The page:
Monday, August 07, 2006

A fruit cake for all

I think I was rather spoilt in my childhood. Growing up in Far North Queensland, the fruit of the gods were on my doorstep. Every type of exotic fruit was not exotic to me. It was just a part of life. Such fruits include lychees, papaya, star fruits, custard apples and the most celebrated of all exotic fruits: the mango.

Where a box of mangoes and a very full bag of lychees would cost $10 for both, it was easy to be spoilt. And when, for a couple of seasons my brother picked mangoes on a farm that grew produce especially for the Japanese market, I was in seventh heaven. B-grade produce meant a single black spot on the skin - something that a consumer paying $1000 per box of 12 does not want to see. Although I don't personally see the point in paying so much for a fruit, it was all the better for me.

In mango season, it was not beyond me to eat 2 to 3 mangoes per day. I would carefully estimate where the seed would be and slice off each cheek. The flesh would then be sliced into a slanted grid on each side and the skin removed from the seed. Over the sink I would invert the cheeks and suck off each "mini-block" of mango. The juice would be across my mouth and make its way down my fingers to the tips of my elbows and drip into the sink. Last, but not least, the seed would be attacked, making sure that every possible bit of fruit was removed from the seed. Once, I even dried the seed for several months, planted it and grew my own non-fruiting mango tree.

I always believed that this fruit was too good to cook with. That was until I became disillusioned with the fruit when I left my home territory. I was scared to even taste the foreign mangoes in the fear of disappointment. And for the most part, I have been let down. I selfishly bought a very expensive mango in Finland (a country not well known for exotic fruits) and was, in turn, disappointed with the not so soft, flavourless flesh. I tried again in the US which provided me with edible mangoes but none compared to the home grown FNQ varieties. I've given up trying to match those at home, but don't feel so blasphemous when I use them in cooking.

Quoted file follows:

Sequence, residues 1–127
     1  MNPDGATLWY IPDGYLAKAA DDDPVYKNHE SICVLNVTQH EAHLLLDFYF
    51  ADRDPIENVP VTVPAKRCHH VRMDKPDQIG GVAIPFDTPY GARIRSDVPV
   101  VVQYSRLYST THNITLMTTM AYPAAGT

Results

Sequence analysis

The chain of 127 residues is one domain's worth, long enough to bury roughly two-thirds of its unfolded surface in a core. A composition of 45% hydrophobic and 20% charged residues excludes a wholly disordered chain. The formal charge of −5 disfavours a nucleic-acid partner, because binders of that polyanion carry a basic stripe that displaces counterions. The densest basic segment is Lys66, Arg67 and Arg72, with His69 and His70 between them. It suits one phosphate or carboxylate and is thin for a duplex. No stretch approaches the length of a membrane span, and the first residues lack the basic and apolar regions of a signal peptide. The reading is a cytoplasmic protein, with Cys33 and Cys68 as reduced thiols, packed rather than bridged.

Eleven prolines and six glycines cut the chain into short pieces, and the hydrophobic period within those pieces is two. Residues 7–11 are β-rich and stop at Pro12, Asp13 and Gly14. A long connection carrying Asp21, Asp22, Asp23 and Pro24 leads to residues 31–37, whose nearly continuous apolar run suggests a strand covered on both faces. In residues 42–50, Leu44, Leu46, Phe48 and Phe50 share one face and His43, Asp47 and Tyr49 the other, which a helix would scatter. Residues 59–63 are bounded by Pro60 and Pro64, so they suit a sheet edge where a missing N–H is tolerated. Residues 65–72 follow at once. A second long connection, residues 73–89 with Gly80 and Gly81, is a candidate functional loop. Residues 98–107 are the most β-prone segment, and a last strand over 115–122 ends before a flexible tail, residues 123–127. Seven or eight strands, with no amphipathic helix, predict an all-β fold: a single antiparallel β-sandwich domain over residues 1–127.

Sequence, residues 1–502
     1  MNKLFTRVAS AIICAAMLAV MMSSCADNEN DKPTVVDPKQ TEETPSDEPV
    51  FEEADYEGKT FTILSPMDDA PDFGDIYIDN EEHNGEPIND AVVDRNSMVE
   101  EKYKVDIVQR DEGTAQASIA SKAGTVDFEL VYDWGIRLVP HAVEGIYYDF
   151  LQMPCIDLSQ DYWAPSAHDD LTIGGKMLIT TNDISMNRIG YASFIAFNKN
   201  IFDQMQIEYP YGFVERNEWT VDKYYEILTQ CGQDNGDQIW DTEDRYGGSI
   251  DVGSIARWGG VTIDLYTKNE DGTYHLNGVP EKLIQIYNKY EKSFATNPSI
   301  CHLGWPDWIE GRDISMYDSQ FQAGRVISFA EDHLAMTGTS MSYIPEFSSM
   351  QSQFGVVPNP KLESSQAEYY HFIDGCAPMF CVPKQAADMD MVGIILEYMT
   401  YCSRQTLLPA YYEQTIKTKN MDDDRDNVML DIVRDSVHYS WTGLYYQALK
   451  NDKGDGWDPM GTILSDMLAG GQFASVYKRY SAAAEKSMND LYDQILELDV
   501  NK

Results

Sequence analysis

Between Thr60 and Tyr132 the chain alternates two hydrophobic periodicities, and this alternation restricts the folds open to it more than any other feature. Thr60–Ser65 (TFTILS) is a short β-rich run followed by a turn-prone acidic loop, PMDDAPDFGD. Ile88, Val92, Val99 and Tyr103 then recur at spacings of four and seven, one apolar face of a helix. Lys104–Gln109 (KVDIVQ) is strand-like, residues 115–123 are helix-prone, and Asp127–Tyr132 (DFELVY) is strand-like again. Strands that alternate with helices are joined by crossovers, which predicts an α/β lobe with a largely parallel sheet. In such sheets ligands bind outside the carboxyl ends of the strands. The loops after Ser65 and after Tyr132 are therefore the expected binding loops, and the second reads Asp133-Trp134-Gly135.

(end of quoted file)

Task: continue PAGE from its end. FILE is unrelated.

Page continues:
This will go down as one of my favourite fruit cake recipes of all time. I will be able to eat it guilt free my whole life. Given to me by my father's partner, Sharon, this cake is moist, soft and tasty without the use of butter or sugar. This would be a great cake for a diabetic or someone that's watching the calories.

Mango Fruit Cake

425 gram can of mango slices
5oo grams mixed dried fruit
1/2 cup water
1 1/2 teaspoons baking soda
1 1/2 cups flour
1 1/2 teaspoons of baking powder
2 eggs, lightly beaten
icing sugar mixture & lemon slices to decorate

Drain the mangoes by pouring the juice into a large pan. Chop the mango slices. Add the mangoes to the pan with the juices. Mix in the dried fruit and water. Bring to the boil and simmer, uncovered, for 1 minute.
Remove from heat and allow to cool.

Stir in combined sifted soda, powder and flour. Mix well and add the eggs. Stir until well combined. Pour mixture into a nonstick loaf pan.
Cook in a moderately slow oven (160 degrees Celsius) for about 1 hour, or until and skewer comes out cleaned when put into the cake. Cool the cake in the pan. Serve cake dusted with icing sugar, decorate with lemon slices.  You can also serve fruitcake as is, tastes just as great.

If you wish to use fresh mango, use 2 large mangoes and 1 cup of water instead.

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